New York City’s case for some of the world’s most boorish behavior is made every day in its subways: There’s the woman clipping her fingernails, the man slurping an especially pungent dish under a fellow passenger’s nose, and even worse.
Transportation officials are taking a stand against such rudeness with a series of signs in subway cars that would make Miss Manners proud, reminding riders of the most rudimentary etiquette in a tone that’s part shaming, part scolding.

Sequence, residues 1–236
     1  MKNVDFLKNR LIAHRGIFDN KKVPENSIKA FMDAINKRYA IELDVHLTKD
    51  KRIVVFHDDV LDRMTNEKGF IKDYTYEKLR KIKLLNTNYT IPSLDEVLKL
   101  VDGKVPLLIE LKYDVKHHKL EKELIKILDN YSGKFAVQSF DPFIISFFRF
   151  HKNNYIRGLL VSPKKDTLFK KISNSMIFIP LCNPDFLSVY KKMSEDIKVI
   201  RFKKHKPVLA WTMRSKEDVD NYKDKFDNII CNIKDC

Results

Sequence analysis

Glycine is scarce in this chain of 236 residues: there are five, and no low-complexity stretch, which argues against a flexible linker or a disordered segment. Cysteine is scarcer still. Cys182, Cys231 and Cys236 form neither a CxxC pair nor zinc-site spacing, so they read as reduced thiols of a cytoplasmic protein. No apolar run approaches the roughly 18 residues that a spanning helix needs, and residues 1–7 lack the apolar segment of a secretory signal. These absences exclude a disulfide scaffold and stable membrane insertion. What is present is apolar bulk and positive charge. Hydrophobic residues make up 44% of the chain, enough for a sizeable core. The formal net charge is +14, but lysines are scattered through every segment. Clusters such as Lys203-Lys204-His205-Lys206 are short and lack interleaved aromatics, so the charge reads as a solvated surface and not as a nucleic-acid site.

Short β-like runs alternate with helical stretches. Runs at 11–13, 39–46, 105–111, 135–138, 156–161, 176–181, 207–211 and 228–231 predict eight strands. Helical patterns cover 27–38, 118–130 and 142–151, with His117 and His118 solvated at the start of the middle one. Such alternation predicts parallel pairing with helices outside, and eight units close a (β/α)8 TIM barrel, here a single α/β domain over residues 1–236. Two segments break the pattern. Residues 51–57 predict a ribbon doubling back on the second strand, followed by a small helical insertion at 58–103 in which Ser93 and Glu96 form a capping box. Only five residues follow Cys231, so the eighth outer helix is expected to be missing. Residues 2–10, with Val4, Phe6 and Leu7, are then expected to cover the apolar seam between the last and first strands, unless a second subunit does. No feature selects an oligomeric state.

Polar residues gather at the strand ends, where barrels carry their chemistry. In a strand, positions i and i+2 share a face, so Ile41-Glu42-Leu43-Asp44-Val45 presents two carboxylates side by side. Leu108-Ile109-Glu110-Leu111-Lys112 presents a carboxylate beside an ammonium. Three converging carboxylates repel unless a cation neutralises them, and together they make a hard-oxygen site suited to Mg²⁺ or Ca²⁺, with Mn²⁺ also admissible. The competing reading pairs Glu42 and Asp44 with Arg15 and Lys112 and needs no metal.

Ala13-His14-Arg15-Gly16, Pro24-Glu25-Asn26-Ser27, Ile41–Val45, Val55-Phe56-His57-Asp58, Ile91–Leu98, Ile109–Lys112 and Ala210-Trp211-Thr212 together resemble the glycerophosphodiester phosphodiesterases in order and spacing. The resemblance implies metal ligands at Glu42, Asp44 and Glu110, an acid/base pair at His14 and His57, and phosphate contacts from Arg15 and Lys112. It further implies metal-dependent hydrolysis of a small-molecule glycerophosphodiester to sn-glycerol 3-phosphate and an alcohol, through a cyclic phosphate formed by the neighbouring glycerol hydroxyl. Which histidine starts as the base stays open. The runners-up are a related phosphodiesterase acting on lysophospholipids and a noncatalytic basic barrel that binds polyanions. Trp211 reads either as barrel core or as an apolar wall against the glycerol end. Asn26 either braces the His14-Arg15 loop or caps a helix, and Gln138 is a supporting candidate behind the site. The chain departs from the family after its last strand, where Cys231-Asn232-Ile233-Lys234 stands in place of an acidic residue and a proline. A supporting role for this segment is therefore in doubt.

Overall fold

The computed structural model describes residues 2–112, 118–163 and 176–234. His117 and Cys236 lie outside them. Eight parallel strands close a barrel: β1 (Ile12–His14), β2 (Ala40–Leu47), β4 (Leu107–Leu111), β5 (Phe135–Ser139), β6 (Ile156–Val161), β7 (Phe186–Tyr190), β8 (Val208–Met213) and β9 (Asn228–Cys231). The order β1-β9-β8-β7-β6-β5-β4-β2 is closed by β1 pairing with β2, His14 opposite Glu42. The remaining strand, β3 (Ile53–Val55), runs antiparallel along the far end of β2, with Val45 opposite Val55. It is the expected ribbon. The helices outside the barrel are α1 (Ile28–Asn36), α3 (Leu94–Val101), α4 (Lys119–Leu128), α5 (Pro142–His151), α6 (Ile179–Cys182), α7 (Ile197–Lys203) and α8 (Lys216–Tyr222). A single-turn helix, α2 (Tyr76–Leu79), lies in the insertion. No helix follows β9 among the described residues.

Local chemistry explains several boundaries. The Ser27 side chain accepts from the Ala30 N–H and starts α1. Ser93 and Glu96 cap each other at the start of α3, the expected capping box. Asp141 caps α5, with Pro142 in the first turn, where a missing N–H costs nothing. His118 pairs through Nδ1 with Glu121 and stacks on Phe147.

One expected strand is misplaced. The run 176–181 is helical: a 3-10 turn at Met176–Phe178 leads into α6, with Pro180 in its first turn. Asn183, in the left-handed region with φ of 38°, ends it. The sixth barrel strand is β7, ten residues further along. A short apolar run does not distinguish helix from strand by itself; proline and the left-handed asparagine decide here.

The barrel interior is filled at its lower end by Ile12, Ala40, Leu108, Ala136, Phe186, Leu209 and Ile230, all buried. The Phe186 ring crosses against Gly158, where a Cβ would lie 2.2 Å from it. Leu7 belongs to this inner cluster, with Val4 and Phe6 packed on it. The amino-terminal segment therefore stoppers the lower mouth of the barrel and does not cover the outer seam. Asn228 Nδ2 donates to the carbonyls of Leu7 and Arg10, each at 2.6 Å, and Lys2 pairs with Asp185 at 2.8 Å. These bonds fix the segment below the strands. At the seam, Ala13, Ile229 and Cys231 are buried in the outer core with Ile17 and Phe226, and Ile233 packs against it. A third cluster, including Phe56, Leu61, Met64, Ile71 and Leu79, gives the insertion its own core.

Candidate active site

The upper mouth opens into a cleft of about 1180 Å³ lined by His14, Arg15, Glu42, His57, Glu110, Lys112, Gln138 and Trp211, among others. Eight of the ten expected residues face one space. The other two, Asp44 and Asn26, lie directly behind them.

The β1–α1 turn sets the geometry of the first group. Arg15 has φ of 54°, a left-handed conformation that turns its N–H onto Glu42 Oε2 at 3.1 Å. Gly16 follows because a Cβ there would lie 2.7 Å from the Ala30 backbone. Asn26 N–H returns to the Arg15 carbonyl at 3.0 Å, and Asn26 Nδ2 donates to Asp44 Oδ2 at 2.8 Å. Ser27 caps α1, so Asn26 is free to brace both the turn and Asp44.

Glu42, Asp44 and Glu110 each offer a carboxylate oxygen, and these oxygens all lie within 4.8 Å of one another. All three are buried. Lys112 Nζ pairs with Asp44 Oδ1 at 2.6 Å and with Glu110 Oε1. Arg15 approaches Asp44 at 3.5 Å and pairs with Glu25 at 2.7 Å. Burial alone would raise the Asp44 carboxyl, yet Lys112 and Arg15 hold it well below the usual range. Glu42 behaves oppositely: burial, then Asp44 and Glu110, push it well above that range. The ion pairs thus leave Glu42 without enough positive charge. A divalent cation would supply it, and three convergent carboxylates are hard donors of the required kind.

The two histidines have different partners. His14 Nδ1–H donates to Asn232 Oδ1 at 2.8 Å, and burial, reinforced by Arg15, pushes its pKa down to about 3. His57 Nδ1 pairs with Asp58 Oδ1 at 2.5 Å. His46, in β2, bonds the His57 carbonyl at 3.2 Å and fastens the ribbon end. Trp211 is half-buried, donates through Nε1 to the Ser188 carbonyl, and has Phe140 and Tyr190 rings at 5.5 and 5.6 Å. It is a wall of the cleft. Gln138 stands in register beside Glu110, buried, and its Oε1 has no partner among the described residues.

“Clipping? Primping? Everybody wants to look their best, but it’s a subway car, not a restroom,” says one sign, accompanied by an illustration of a passenger squeezed between a primper and a shrapnel-spraying clipper.
Says another: “Offer your seat to an elderly, disabled, or [expectant] person. Not only is it the right thing to do, but you’ll make your grandmother proud.”